Here’s one that moves me to this day:
The scene is both striking and memorable: a clutch of men running barefoot along a beach in slow motion. The haircuts and uniforms suggest an earlier time. The pace is set, the runners all in a tight pack, a near impossible ballet of grace and muscular limbs. Some of the faces register serious business; others reflect sheer joy in the moment. It’s a cloudy day and as the milky grayness of the sky erases the horizon, one is hard-pressed to tell where the ocean ends and the firmament begins. While high-definition water drops splash upwards from the surf, synthesized music drones and builds.
The camera pans and focuses on the one face whose story will be central to the script. It is a handsomely ruddy face, well-chiseled and with a mop of flailing blonde hair. The viewer quickly deduces this runner is exceptional among exceptional athletes, but it is a quiet confidence that pushes him. Almost reverent.
The runner, Eric Liddell (played by Ian Charleson), is the subject of Chariots of Fire, a 1981 best picture classic. The life of Liddell is near-perfectly portrayed by the actor who plays him so believably, one would think Charleson was typecast for the role of the God-fearing athlete/missionary. I get gooseflesh when I recall the Scotsman’s impassioned speech to his sister Jenny: “I believe God made me for a purpose, but He also made me fast, and when I run, I feel His pleasure.”
The story has all the ingredients of a good flick. It was the summer of 1924 and Paris was hosting the VIII Olympiad. Eric Liddell, the fastest runner in all of Scotland, finds out his qualifying heat for the 100 meter race was to be run on Sunday. He quietly and reverently bows out. Surefire gold for his country is lost. On conviction, this man who lived for Christ first and ran second, would not run on the Lord’s Day. His teammates were incredulous. His coaches were up in arms. The powers that be were despondent. Evidently, this had no great effect on Liddell for he is seen in church on the morning of his heat, quoting from Isaiah 40:31,
“They that wait upon the Lord shall renew their strength…they shall run and not be weary, they shall walk and not faint.”
Liddell would, in fact, live to run another day. Though it was for a race he had not trained for, Liddell ran the 400 meter with blazing speed and the wind of God on his back. Impossibly, Liddell won the gold medal despite being tripped and having to make up 20 meters and still flew by the rest of the pack to the finish line.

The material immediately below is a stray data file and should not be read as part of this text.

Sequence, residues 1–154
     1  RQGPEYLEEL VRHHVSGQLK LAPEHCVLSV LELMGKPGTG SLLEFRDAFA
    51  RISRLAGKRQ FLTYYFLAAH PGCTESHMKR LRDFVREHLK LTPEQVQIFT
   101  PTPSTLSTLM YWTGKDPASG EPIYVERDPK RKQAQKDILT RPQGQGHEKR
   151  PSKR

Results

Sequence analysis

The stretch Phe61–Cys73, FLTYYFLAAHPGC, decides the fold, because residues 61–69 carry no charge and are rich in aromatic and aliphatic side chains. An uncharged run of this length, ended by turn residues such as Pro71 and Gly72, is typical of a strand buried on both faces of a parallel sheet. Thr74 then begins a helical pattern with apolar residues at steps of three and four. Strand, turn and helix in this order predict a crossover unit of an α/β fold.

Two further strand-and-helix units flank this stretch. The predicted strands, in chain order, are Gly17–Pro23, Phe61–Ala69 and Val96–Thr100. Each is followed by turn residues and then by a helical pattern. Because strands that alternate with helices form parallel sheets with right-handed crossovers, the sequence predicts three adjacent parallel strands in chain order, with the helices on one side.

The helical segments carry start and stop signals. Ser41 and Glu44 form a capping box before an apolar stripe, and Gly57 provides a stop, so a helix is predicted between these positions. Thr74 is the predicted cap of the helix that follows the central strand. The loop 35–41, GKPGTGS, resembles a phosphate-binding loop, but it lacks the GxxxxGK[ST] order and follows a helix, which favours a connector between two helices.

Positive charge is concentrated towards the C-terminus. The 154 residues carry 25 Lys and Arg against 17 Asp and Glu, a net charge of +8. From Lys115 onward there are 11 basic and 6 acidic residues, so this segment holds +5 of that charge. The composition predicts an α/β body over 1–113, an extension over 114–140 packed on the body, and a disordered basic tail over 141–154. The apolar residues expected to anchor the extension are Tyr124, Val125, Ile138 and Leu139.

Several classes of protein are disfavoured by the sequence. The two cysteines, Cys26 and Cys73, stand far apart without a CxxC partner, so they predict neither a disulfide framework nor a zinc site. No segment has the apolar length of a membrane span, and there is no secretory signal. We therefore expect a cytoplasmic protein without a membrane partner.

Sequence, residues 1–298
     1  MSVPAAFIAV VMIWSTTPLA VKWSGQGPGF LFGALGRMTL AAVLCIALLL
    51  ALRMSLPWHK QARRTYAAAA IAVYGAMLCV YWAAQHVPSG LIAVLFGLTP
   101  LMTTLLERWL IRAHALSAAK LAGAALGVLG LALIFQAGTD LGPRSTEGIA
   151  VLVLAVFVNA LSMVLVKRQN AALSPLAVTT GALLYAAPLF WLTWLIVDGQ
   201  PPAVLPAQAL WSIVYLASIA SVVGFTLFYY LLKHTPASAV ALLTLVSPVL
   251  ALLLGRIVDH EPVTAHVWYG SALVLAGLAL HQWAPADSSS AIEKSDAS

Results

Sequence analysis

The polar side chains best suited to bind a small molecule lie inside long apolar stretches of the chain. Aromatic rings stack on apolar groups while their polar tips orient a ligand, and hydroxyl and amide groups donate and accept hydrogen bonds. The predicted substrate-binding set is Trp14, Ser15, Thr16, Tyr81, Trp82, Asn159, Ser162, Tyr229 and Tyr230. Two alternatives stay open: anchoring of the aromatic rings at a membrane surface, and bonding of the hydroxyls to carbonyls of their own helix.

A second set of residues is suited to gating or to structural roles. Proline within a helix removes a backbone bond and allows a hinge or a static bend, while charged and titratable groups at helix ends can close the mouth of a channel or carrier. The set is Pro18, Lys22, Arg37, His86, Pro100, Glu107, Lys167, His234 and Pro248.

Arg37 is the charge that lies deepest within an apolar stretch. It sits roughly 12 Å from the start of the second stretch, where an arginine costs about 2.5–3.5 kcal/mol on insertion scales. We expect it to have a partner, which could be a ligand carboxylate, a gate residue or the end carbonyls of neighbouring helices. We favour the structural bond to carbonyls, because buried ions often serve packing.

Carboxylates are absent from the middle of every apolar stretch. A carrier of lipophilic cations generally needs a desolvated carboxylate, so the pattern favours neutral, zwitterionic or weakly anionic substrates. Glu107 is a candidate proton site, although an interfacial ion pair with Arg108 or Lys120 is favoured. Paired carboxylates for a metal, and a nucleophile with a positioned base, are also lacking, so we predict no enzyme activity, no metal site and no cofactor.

Though the movie falls short of telling the true drama of Liddell’s life, history fills in the blanks. Two years after winning the gold and bronze medals, Liddell went to China as a missionary. While there, he would be imprisoned by the Japanes during their occupation and would remain in a prison camp until his death from a brain tumor in 1945.
Perhaps you already have this tidbit of insider information, but a few years ago I learned the man who portrayed Eric Liddell in the movie was not, in fact, a follower of Christ at all even though his sympathetic approach to Liddell’s faith almost beg that he be of likesame faith! Turns out, he just “played one on TV.” Not only was Charleson not a follower of Christ, he was a self-avowed agnostic who found God to be a far-off, aloof character, well outside and offstage the drama of his life.
That blew me away!
You know, this isn’t a far cry from how the church role-plays in our time. We can have the best soundtracks, the best costumes and sets, the best storylines, even the best actors! It’s like the modern gospel–say it but don’t live it–has produced its own brand of religious agnosticism where God is “up there, out there, but not IN there.”
How does the apostle put it? Something about a “form of godliness…”?
We have learned that we can memorize the right lines and break into character when it is our cue then break back into our real life persona when the cameras stop rolling. How God—yea, our world—must tire of a brand of Christianity whose followers merely “play one on TV.”
Today I believe God sits in His holy heaven in his Director’s Chair hard at work producing His upcoming masterpiece. His eyes are “roaming to and fro” looking even now to cast a people who are real, sold-out, focused on the Wedding Feast and their Bridegroom Lord, lovesick for Jesus and willing to endure trials that will weaken and decrease them so that Jesus and his power may be front and center of all things.
Man oh man, I want a role in that story.